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What is fog
computing, and
how can it help
with edge
computing?

Author: Shane Schick

Encountering fog can be a hazard when you're driving because it makes the road you are traveling on more difficult to see.

Fog computing, however, creates the opposite effect—making it easier for data to travel between an ever-growing range of applications and devices from the cloud to wherever it is needed.

What is fog computing?

Some organizations may have already gotten familiar with edge computing as a way to address issues such as latency, speed, reliability and security. But what is fog computing?

The simplest answer is to think of fog computing as a highly compelling use case of edge. It can provide an additional (and valuable) layer between the edge and the cloud.

By processing data across nodes closer to the source where the data is created, fog offers a distributed architecture that can:

  • Reduce latency
  • Boost network efficiency
  • Reduce storage needs
  • Improve data transfer efficiency

Another way to answer the "What is fog computing" question is to describe a "fog" of devices. These might comprise thousands of small devices, such as sensors connected to the Internet of Things (IoT), for instance. These nodes can act as a mediator between the cloud, the IoT or wherever else data has to travel.

Typical fog use cases

A good example of where this works in practice includes sectors such as agriculture, where farmers install cameras to monitor the conditions of animals or to optimize water usage by keeping track of crop conditions using moisture sensors. Rather than face challenges in terms of processing time and sending video streams outside the farm, using fog nodes requires less bandwidth and can handle computing on site. It also means multiple video streams can be processed at the same time.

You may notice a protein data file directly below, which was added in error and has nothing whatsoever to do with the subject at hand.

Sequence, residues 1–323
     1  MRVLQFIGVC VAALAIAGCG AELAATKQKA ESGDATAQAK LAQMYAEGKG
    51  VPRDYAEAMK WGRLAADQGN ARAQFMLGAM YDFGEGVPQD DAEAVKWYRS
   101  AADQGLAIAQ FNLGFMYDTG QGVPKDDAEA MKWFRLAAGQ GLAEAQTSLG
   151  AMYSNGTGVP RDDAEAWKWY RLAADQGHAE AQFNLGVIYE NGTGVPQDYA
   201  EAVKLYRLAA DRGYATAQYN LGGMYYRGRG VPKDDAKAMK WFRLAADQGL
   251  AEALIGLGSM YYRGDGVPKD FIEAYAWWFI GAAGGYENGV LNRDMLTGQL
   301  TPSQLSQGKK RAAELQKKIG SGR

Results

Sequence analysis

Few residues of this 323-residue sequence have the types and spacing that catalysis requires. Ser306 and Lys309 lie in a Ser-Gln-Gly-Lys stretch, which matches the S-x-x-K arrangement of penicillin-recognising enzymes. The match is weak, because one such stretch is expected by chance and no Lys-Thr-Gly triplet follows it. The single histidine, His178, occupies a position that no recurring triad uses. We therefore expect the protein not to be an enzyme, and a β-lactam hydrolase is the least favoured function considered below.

Meanwhile, in the energy sector, fog nodes can speed up the ability to make decisions, such as changing the temperature based on sensor data from within a power plant. Similar advantages can be seen in adjacent markets, including oil and gas, telematics, forestry and even seismology, helping detect earthquakes and related seismic activity.

In general, fog is often deployed in areas where data and connectivity is highly distributed over a WAN or areas with limited bandwidth or intermittent network access.

It is important to recognize that the answer to the question "What is fog computing?" is not "a replacement for the cloud." Fog nodes can use core cloud capabilities to gather data in central locations. In other circumstances, though, the fog can be completely distributed, offering organizations flexibility in where they apply the technology for maximum business value.

Learn more about how to take advantage of both fog and edge computing in your business.

  • FAQ

What is fog computing? +

An architecture that can help determine what data needs to be pushed to the cloud and what can be processed locally at the edge.

How does fog computing work? +

A series of small fog nodes are deployed at the edge or as part of an IoT gateway.

What is an example of fog computing? +

Fog nodes could speed up the processing and efficiency of data traffic in autonomous vehicles, improving their operations and safety.

Why we need fog computing? +

In some environments, there can be capacity and efficiency limits in how data moves between the edge and the cloud. Fog nodes ensure only the most relevant data moves to the cloud.